A well-balanced free skate for senior pairs must consist of the following: up to three lifts, not all from the same group, with the lifting arm or arms fully extended;[note 3] only one twist lift, only one solo jump; only one jump sequence or combination; only one pair spin combination; only one death spiral of a different type than what the skaters performed during their short program; and only one choreographic sequence. A junior pair free skating program must consist of the following: up to two lifts, not all from the same group, with the lifting arm or arms fully extended; only one twist lift; up to two different throw jumps; only one solo jump; only one jump sequence or combination; only one death spiral; and only one choreographic sequence. If a pairs team performs any number of elements more than what has been prescribed, only the first attempt (or the legal number of attempts) will be included in their final score.[19]

Synchronized skatingEdit

 
Team Marigold IceUnity during their free skate from the 2005 Finnish National Championship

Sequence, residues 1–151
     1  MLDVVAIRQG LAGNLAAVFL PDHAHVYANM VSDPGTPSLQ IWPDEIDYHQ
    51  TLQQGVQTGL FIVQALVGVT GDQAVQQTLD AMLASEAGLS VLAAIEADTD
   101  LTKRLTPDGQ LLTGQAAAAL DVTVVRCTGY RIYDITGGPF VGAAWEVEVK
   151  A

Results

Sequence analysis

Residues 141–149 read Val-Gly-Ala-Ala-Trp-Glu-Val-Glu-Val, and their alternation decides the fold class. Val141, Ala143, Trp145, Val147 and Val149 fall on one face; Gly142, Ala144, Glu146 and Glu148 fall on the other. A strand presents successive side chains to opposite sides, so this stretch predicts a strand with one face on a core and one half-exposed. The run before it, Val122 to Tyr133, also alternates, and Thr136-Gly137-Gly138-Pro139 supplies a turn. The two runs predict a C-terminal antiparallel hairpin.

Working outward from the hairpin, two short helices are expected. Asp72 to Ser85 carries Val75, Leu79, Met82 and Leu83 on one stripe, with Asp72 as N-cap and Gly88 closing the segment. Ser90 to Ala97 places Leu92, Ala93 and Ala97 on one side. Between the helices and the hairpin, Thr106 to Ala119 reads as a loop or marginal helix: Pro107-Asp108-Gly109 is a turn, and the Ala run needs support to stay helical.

A well-balanced free skate for synchronized skating must consist of elements and other linking movements that reflect the character of the music the teams choose and/or expresses a story, theme, idea, or concept also chosen by the team.[20] The ISU, out of the following 14 elements, chooses and publicizes up to 10 required elements for junior free skating programs and up to 11 required elements for senior free skating programs yearly.[21] These elements include: an artistic element, a creative element, an intersection element, a group lift element (only for senior teams, when required), a line or block linear element, a mixed element, a move element, a no-hold element, a pair element, a line or black pivoting element, a wheel or circle rotating element, a synchronized spin element, a wheel or circle traveling element, and a twizzle element.[22] These elements must be "linked together harmoniously by a variety of transitions and executed with a minimum of two (2) footed skating".[20] Other elements can be added to a free skating program, but they are considered as choreography and/or transition components.[20]